Parents Need to Keep Emotions on Even Keel

Article excerpt

Byline: Ken Potts

"Dad, is this you when you're excited?"

OK, I know I'm a bit "laid back," but I didn't realize that I was so emotionally opaque to my daughter that she didn't even know when I was excited. I guess I needed to rethink my parenting strategy a bit.

Actually, figuring out when and how to show our emotion to our children is one of the more challenging parts of being a parent. On one hand, children need some protection from their parents' emotional up and downs. On the other, they also need to learn about the role of emotions in relationships. Balancing these two needs requires us to consider five distinct dynamics:

1) Our children's developmental stage. Children can handle different things at different points as they mature. A 3-year-old might be downright frightened when he sees his mother jump for joy. A 13-year-old will probably respond with a bemused smile. An 8- year-old might cringe with anxiety when her dad let's out a few expletives at the driver who just cut him off. A 19-year-old will likely take it all in stride. As adults, we process how other people express their emotions through a cognitive filter that usually allows us to put them in the proper perspective. Children have neither the cognitive development nor the experience to do this. Children need for their parents to filter their own raw emotional energy, positive and negative, so that its expression does not overwhelm them. When we are in doubt as to how much of our emotional output our kids can handle, it's always better to err on the cautious side.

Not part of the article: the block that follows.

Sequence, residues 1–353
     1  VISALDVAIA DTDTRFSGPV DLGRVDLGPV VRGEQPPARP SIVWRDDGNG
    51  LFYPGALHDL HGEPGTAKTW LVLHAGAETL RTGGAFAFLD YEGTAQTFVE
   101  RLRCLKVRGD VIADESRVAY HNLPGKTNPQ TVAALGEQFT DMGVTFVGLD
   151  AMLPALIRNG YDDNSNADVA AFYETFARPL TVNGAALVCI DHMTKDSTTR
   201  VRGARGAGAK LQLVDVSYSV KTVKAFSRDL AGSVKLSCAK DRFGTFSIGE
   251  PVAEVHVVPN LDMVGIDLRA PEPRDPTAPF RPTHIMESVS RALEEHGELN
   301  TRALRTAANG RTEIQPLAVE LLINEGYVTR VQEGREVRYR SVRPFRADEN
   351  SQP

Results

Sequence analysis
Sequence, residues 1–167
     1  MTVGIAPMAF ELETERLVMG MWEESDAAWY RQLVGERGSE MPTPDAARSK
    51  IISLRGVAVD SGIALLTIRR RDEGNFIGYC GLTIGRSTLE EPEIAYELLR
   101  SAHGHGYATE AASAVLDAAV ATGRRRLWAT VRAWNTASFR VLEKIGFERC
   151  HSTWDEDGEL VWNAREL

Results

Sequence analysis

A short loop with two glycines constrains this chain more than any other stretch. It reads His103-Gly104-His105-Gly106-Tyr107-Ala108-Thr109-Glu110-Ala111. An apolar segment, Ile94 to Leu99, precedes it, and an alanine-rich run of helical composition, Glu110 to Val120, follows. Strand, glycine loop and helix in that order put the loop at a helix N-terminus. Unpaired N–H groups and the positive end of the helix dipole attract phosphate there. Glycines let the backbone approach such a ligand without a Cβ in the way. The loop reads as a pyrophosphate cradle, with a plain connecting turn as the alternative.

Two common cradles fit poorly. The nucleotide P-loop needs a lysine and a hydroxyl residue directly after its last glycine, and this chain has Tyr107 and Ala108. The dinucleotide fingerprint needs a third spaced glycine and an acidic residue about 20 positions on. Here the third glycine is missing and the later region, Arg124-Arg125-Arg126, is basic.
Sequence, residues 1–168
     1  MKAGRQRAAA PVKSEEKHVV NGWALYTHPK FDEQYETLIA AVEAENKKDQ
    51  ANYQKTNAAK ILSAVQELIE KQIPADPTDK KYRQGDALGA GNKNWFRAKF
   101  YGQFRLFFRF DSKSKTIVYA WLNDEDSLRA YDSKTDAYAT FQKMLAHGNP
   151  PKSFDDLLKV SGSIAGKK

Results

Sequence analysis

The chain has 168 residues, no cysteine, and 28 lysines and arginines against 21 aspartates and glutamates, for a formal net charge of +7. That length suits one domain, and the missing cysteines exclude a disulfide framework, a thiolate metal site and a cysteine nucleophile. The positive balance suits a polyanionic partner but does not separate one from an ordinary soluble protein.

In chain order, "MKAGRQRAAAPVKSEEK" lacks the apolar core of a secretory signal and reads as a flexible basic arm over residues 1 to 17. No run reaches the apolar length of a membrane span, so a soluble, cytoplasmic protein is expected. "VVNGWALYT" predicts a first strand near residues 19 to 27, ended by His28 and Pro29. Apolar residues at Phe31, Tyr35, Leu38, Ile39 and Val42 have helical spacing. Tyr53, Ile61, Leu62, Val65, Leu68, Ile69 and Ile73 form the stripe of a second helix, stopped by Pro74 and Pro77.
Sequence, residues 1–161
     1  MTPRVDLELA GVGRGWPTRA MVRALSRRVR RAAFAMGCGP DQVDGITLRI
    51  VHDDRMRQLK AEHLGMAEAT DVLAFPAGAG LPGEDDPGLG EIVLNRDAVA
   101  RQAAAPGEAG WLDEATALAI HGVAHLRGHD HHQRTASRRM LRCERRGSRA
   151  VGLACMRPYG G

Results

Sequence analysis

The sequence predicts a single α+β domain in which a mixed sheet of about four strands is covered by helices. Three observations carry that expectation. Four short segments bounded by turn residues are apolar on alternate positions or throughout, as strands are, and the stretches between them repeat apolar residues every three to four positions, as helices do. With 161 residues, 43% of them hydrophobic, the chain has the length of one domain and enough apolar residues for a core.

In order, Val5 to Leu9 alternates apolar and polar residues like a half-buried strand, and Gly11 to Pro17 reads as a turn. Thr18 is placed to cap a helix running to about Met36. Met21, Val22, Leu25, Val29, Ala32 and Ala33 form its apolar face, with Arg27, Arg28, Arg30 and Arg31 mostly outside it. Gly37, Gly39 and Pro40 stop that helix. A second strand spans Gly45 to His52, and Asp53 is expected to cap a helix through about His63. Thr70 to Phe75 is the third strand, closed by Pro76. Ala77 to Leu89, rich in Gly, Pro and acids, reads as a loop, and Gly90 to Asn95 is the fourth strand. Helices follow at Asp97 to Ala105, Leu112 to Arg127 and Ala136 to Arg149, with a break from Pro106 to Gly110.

2) Our children's personalities. Each of our children is different. This includes how they deal with emotions, their own and other's. Some kids seem to have pretty thick skins when it comes to feelings. They may even enjoy emotions that are expressed with a good deal of energy. Other kids are more sensitive and find energetic emotional expression to be a bit disconcerting. Again, because parents are so important in the lives of their children, we especially need to tailor our own expression of feelings to the unique personalities of each of our children.

3) Our children's current situation. What's going on in our children's lives at any particular time plays a role in how they interpret and respond to other's emotions. If they are down in the dumps for some reason, they may misinterpret a parent's excitement or joy as insensitivity to their feelings and withdraw in response. If they are having a rough time making new friends, they may see any frustration or anger expressed by parents as yet more rejection and simply disintegrate into tears. …